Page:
Michael - you reminded me of a question I neglected to ask Spartan. Are V-picks plastic? What is the material like? Keep in mind my only experience is my wegen button so this is more for just general info for the masses. :wink:
  • MichaelHorowitzMichaelHorowitz SeattleAdministrator
    Posts: 6,146
    I almost never play with rest strokes, to me rest strokes is a term from the classical guitar bag that i just don't relate to. I use the pick and if i like it that's it.

    Ok, that explains it then. 95% of Gypsy players use rest stroke picking which works very differently than free stroke picking. Not all picks work for both...
  • MichaelHorowitzMichaelHorowitz SeattleAdministrator
    Posts: 6,146
    HotTinRoof wrote:
    Michael - you reminded me of a question I neglected to ask Spartan. Are V-picks plastic? What is the material like? Keep in mind my only experience is my wegen button so this is more for just general info for the masses. :wink:

    They look and sound like plastic to me...but you'd have to ask the manufacturer to know for sure.
  • SpartanSpartan New
    Posts: 27
    HotTinRoof wrote:
    Michael - you reminded me of a question I neglected to ask Spartan. Are V-picks plastic? What is the material like? Keep in mind my only experience is my wegen button so this is more for just general info for the masses. :wink:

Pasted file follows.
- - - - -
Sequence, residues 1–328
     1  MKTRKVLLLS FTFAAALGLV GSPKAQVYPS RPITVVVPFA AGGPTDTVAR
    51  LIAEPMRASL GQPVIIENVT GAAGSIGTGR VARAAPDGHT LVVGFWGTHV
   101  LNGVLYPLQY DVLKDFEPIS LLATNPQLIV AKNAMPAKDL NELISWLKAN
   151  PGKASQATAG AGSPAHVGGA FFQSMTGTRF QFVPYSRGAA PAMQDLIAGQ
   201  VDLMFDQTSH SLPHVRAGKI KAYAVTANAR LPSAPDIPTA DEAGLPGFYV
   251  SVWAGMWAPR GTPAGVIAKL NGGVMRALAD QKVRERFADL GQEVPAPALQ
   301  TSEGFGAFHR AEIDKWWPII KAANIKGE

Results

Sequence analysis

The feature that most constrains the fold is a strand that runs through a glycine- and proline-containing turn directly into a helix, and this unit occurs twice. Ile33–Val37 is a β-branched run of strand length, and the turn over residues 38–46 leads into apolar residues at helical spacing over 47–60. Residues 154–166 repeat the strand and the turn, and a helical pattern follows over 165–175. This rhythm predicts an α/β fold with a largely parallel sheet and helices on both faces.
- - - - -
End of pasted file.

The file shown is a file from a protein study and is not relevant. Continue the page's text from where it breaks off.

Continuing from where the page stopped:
Hi HTR, they're made from acrylic, not plastic, they don't wear much and when they do it's in a nice smooth way.

    No way the company would get away with charging those kinds of prices for a plastic pick!
  • HereticHeretic In the Pond✭✭✭
    Posts: 230
    How is acrylic not a plastic?
  • redbluesredblues ✭✭
    Posts: 456
    err unless you buy organic tortoise shell picks, every single pick you have ever held in your life is a plastic pick, make no mistake everypick on the market is a variation of plastic.

    So before the question is asked, yes you can buy a sheet of your preferred thickness polymer and make your favourite picks (plectrums) out of that sheet for the rest of your life.

    They are generally polyethylene, polypropelene and polyvinylchloride are alternatives just the density and thickness is the choice